D.J. Taping Sessions
Prescription Bluegrass with Wayne Taylor & Emory Lester
DJ Taping Sessions provide broadcasters and artists a chance to get together around a table in order to tape brief interview and prepare promos.  I saw newcomers and IBMA award winners circulating around the room taping interviews with bluegrass DJ's from all over the country and around the world.  Once again, the importance of face-to-face contact with the people capable of spreading the word about new and old bands, new projects, and interesting people was obvious.  There was a swirl of emerging and established artists eagerly seeking opportunities to get face-time and on-air attention.

Exhibit Hall & Convention Center Hallway
Bluegrass Today Rollout

Eddie Stubbs Live WSM Interview
Darin & Brooke Aldridge

Dreama & Larry Stephenson Merch Table

I can't speak to whether the Exhibition Hall was well attended or not or to what extent the exhibitors were able to promote their own businesses effectively.  It seemed to me, without my ever stopping to make an actual count, that there were fewer exhibitors inhabiting more space with less enthusiasm.  Opening the Exhibit Hall to all free of charge on Wednesday seemed to enhance traffic.  Since I was pretty constantly on the run, it's difficult to gauge, however.  The Bluegrass Today booth was strikingly attractive and well-designed. Their new ball cap was much in evidence at other venues, so I'd guess they were a success, too.  Moving the IBMA gear shop to the center of the room made good sense.  Booths that were well-staffed seemed to do more business than those that were empty.  I'm certain the current state of the economy reduced participation by exhibitors as well as interest and spending by attendees.  All we can do is hope and trust that conditions will continue to improve.

Del McCoury Outside the Ryman

Jesse McReynolds & Del McCoury
Dierks Benley & Sam Bush - Backstage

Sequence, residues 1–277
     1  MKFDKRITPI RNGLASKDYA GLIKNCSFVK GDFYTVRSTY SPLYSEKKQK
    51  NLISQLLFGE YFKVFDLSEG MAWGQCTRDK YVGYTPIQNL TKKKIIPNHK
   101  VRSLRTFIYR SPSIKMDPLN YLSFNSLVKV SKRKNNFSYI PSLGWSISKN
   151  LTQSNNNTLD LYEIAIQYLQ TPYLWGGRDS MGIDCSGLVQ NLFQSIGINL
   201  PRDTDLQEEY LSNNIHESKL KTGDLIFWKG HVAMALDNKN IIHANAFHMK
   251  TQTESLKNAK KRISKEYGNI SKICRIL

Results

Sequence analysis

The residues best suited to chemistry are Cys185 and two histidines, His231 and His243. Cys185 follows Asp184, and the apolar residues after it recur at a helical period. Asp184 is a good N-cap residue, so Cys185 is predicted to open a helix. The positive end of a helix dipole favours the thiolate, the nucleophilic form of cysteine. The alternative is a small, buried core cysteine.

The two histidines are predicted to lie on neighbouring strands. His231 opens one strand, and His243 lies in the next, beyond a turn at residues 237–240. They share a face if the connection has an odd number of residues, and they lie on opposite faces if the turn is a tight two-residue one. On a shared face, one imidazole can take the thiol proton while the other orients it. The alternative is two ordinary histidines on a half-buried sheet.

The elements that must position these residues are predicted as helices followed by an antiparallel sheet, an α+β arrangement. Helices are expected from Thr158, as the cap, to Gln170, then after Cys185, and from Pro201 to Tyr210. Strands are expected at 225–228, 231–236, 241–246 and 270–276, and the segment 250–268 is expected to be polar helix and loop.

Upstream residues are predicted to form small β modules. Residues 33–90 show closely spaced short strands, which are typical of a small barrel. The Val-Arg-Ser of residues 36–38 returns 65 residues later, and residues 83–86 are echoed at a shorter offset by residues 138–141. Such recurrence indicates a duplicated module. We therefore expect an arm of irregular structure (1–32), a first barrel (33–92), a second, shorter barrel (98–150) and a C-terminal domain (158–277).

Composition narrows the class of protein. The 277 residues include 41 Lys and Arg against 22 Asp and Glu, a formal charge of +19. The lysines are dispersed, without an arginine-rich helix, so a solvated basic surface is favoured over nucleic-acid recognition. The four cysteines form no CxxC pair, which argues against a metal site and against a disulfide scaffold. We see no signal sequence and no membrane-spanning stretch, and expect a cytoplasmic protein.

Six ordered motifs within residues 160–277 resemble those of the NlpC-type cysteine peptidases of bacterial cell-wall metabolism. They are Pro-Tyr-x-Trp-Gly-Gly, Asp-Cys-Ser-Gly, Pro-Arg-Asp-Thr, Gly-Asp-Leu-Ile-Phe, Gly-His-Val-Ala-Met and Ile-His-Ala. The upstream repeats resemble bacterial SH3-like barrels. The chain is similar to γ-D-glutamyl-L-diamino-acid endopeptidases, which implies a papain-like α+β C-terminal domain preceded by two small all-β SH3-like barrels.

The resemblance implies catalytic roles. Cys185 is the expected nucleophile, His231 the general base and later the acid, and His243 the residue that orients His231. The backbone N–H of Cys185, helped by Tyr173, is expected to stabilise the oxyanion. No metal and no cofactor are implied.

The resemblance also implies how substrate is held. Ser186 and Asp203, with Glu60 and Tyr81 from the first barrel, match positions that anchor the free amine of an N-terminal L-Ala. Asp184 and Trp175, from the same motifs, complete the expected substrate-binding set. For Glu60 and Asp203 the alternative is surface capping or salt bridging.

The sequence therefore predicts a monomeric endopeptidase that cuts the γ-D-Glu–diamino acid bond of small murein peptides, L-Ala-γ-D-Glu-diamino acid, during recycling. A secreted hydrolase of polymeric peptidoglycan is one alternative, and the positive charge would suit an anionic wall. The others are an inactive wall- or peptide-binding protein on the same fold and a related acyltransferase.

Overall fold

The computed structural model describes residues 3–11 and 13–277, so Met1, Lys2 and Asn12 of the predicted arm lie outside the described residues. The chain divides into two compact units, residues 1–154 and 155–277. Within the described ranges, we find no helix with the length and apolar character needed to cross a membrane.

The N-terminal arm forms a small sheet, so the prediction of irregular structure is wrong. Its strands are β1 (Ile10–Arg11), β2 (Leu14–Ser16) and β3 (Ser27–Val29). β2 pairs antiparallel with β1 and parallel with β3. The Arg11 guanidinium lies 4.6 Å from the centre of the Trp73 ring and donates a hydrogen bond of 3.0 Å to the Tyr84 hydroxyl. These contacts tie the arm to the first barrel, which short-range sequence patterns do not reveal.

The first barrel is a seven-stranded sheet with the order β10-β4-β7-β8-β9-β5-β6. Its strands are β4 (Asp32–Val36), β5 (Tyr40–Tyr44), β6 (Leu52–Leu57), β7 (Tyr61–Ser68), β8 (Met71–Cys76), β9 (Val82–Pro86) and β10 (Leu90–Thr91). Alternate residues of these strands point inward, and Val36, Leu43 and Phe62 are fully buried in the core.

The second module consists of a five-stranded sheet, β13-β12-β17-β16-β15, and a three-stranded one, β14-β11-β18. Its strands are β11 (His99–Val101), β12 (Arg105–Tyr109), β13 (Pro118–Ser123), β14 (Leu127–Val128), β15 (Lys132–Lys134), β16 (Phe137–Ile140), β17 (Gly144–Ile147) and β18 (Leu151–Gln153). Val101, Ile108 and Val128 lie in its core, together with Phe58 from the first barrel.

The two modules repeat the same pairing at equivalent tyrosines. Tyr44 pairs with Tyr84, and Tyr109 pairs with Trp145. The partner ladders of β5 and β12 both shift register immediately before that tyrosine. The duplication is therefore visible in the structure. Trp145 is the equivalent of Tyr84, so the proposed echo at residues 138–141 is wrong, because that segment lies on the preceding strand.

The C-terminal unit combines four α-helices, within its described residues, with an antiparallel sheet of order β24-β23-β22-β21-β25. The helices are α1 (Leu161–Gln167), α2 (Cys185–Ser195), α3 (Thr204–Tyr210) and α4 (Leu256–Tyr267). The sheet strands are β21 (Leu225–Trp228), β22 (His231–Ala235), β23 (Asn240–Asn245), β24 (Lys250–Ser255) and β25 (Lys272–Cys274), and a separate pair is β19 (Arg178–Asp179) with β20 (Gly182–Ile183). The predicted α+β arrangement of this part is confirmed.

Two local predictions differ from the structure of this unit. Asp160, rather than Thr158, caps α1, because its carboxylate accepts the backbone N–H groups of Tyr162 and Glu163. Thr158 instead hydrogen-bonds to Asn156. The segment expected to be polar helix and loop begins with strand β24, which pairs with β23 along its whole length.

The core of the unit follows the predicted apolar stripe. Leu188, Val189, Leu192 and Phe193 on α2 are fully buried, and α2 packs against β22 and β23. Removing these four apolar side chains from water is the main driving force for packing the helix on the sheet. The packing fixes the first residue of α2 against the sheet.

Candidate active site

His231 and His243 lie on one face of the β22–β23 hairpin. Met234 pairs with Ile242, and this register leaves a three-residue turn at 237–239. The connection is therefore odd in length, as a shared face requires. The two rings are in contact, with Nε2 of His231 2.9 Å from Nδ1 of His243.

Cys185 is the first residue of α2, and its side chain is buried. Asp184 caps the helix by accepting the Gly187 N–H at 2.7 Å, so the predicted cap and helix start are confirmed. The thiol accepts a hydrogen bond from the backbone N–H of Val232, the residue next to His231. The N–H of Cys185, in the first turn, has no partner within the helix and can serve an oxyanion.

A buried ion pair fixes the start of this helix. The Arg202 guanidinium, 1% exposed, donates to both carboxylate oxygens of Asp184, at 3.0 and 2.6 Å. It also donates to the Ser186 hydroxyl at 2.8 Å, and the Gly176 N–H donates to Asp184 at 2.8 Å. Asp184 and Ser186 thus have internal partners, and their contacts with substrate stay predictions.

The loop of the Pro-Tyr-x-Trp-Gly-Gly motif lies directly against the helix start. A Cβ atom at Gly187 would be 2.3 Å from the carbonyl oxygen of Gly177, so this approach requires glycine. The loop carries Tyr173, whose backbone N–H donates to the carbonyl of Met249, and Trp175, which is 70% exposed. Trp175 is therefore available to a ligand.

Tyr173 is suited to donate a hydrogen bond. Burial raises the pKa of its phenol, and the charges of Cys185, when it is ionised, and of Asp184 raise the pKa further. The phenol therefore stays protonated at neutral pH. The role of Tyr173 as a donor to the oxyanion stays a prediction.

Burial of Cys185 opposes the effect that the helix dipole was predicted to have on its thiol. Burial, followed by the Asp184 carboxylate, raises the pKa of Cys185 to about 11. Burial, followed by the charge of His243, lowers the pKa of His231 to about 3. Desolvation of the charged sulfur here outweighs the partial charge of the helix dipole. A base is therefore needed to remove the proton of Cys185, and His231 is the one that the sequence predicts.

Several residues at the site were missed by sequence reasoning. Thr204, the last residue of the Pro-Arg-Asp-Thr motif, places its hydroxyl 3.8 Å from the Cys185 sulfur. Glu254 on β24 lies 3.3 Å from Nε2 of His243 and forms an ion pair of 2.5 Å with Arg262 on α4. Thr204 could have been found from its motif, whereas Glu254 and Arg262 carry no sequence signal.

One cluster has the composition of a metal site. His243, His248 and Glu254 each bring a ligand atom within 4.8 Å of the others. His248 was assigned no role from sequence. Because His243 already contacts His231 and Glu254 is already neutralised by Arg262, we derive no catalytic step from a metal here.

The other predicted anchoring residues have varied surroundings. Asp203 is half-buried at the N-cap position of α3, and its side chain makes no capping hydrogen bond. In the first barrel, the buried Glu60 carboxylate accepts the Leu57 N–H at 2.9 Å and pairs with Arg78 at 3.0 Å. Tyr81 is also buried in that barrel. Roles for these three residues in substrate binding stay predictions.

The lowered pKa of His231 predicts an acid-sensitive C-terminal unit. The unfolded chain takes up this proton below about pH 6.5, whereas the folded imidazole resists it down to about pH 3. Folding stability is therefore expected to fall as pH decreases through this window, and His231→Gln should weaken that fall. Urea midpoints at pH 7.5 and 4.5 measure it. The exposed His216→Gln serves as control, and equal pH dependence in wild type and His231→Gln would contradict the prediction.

Overall, this year's IBMA World of Bluegrass Business Conference was the best one I've attended. It stands as a unique opportunity for people engaged in all elements of the business of bluegrass to come together to interact in every kind of fashion.  New, emerging, and established people from every segment of the business can benefit from their thoughtful and intense participation in this portion of the week. Bluegrass musicians don't like to think of bluegrass as an "industry," but a business it is, and an intensely competitive one.  At local, regional, and national levels, there's intense competition for gigs and for dates to hold events.  Bluegrass bands are in demand for everything from opening Mom & Pop stores to appearing on David Letterman's Tonight program.  Opportunities to perform, broadcast, record, attend, listen, and experience bluegrass music are everywhere.  Our system emphasizes a perhaps unique combination of competition and cooperation. It's at IBMA's World of Bluegrass that all this comes together to consider how best to develop the music and the careers of those within it.  I'd like to see more artists more intensely involved in attending and presenting at the seminars, labs, and workshops of the Business Conference. I believe they could both contribute and benefit, but for everyone involved in bluegrass music, there's no place to learn more or meet and engage with a wider variety of people than the annual World of Business, held last week in Nashville,